Now you see, this is what neo-platonism does...[edit]

Now you see, this is what neo-platonism does; and you can see how a world saturated with a neo-platonic mentality is going to sacrifice everything material and everything personal. It’s going to sacrifice man, in other words. Its goal is the rule of reason: Plato’s philosopher kings. The men of science, the men of reason were above being attached to anything material. But, you say, Plato’s Republic had sexual communism and all the best women available for the philosopher kings: of course, but on a totally impersonal basis. Why? It was nothing, of course, to have all the women that were at all desirable there like cattle for the philosopher kings: that’s exactly what Plato called for in his Republic; but the idea of them getting attached to anyone of these women, and of wanting to settle down with any one of them, that would have been immoral. You see, if they’d just had the woman casually, and unfeelingly picked them up out of a line, and that was it, they were still living on this high level of reason and catering to the flesh to the extent that it was barely necessary to keep it from being a problem for them. But to get attached to one woman? Why, that would destroy them. Then, they would descend from this high level, and would become material, sensual in nature. They would be seduced by that woman into thinking of something besides highly rational, reasonable things. In other words, a personal relationship was the worst possible thing. A woman, if she were lovable, could chain a man down; and no claim by a woman on a man could be tolerated. [00:22:34]

This is why Alexander the Great, who was a world conqueror...[edit]

This is why Alexander the Great, who was a world conqueror and was a pupil of Aristotle, hated to eat. He avoided eating as much as possible, because it was a very unhappy concession to the fact that he had a body, and he wasn’t pure reason. For that same reason—here he was a world conqueror—he avoided sex. He had a boy, because he needed someone to succeed him, but it was very unpleasant to think about. He wanted to be pure reason, above sex and above eating. It really troubled him that he had to do either. And, of course, for the neo-platonist through the centuries, one of the most insulting things imaginable—and there are reams that they have written about this, what a horrible thing, and that’s why they can’t believe in a God—they actually have to go to the bathroom. What an insult for man. Oh, any god who could have thought of that was just unspeakable. It reminds man that he is flesh, you see, and this they will not tolerate—they will not tolerate. They want to think of themselves as pure reason. And so the goal is to be rational, passionless, devoid of feeling, and, we would say, inhuman. This is why it’s not an accident that revolutionaries, neo-platonists—all of them—are so inhuman. It’s not something, as some try to say, “Well, when these revolutions like the Russian Revolution and the Chinese Revolution settle down, it’ll be all right.” But they don’t become more human. They only become more inhuman as time goes on, because this is the logic of their position. This is what they’re trying to be—passionless. [00:25:01]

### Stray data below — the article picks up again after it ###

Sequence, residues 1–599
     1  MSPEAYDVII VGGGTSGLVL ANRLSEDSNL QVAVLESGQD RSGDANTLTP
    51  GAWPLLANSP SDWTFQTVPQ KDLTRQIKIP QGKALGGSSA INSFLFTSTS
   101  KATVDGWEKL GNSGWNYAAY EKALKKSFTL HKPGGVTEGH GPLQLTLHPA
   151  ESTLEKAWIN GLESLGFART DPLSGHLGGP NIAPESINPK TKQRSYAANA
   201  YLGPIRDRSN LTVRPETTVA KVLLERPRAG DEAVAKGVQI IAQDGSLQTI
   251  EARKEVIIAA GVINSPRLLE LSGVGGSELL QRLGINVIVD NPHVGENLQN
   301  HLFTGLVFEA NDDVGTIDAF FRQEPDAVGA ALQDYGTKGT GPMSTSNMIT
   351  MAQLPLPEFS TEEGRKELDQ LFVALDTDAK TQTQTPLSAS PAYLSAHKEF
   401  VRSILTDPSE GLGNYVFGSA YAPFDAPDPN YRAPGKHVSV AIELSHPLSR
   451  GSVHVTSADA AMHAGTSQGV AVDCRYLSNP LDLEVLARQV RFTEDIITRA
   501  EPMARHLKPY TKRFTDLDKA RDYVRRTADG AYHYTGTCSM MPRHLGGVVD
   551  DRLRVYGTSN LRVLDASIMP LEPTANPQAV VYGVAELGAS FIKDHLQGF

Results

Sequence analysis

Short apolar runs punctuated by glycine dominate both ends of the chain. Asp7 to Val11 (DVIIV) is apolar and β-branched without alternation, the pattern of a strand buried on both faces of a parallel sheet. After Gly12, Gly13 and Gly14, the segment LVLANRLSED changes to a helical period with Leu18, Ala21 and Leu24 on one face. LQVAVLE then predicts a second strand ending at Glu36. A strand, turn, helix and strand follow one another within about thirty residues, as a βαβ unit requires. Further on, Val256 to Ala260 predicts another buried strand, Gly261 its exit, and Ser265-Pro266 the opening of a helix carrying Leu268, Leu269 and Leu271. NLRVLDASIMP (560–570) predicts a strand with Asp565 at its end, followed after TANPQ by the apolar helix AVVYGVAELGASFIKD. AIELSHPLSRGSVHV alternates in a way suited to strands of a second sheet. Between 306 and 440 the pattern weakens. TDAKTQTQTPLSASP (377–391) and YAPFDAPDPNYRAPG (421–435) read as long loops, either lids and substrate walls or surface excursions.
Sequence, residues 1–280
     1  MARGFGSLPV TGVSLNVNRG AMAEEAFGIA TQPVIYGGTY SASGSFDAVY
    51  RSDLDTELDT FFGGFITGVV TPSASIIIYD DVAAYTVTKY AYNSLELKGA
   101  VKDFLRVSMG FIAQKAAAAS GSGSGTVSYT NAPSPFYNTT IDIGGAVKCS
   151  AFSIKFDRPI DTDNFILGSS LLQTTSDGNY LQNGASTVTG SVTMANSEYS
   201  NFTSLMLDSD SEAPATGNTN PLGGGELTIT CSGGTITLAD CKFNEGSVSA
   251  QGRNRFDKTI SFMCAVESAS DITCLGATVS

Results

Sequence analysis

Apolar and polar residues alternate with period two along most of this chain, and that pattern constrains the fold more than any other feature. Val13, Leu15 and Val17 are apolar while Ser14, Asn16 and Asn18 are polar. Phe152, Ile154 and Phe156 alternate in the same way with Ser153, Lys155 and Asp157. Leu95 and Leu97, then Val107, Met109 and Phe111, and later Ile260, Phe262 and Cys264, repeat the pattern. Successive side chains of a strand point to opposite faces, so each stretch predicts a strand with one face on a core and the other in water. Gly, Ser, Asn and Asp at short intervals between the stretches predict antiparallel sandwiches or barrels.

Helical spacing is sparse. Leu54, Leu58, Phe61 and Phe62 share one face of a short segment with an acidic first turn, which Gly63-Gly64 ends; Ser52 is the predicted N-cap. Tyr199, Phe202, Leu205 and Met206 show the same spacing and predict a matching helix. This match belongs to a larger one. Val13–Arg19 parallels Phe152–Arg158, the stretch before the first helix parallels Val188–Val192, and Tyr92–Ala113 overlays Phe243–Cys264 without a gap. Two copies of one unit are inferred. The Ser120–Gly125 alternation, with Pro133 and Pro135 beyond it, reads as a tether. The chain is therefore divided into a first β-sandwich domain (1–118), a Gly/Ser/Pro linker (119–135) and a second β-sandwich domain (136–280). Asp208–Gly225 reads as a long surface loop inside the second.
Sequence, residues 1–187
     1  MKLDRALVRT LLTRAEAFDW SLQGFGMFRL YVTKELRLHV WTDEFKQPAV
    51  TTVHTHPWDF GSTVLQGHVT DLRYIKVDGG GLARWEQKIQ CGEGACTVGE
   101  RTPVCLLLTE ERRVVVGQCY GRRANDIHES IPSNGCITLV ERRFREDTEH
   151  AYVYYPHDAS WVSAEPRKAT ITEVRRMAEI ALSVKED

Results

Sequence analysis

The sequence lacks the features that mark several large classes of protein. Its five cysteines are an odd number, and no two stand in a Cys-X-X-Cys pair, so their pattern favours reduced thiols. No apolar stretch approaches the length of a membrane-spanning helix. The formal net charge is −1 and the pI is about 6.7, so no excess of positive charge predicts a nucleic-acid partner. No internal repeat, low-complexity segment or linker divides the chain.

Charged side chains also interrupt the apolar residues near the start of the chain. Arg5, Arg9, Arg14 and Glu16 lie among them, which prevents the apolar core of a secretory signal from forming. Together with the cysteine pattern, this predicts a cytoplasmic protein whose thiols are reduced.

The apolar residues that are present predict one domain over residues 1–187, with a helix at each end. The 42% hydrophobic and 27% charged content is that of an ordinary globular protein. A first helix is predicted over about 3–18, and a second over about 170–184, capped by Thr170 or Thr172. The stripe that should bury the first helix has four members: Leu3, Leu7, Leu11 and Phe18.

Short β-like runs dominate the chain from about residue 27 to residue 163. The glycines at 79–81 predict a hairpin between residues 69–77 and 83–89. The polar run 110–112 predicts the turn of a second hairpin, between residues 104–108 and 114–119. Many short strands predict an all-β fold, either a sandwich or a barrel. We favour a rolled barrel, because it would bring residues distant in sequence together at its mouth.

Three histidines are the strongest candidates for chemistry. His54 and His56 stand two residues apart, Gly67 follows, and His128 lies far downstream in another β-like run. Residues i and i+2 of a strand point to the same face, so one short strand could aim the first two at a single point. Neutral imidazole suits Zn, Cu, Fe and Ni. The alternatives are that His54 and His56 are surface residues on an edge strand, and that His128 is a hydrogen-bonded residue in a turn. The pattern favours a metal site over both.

I was very interested when I was doing the work on...[edit]

I was very interested when I was doing the work on The One and The Many—of course, there was so much of this throughout, as I read some of these philosophers, but it was off the subject—but I do think I recorded the experience of Walter Kaufmann, professor of philosophy at Princeton, who is one of the most widely recognized scholars, as far as Hegel is concerned. I don’t know whether any of you have ever read Hegel’s Phenomenology, but it’s about as deadly, dull, stupid, insipid a book as you could find to read. Kaufmann read it in 1942, after his wedding, in a honeymoon spirit. Well, of course, Hegel is pure neo-platonist. It says something about Kaufmann, you see, that this to him was the bliss, rather than his wife: a book about pure reason, about mind being above matter; the book that was, in fact, the fountainhead of Marxism. But, of course, if you are an intellectual like Kaufmann, whose goal is to be pure reason, to be passionless, you’re going to find your joy in Hegel’s Phenomenology, rather than the girl you just married—and God have pity on her. This is why in these intellectuals, the concern will not be a personal concern with the poor man, but with the idea of poverty. There will not be any personal concern for the Negro or the Indian, or the Hindu; but it’s with the idea of man. It’s always the idea of man; it’s never the reality. They don’t want to get involved with reality. They want to be up here on the level of pure reason, pushing buttons and bringing about vast changes. They will not allow themselves to get involved in thinking about the individual. So, the sufferings of the individual do not bother them. In the name of alleviating man’s condition, they will murder man readily. As George Bernard Shaw said, “If they won’t be convinced, we will liquidate them in a kindly manner.” The goal is to be in the realm of spirit. [00:28:28]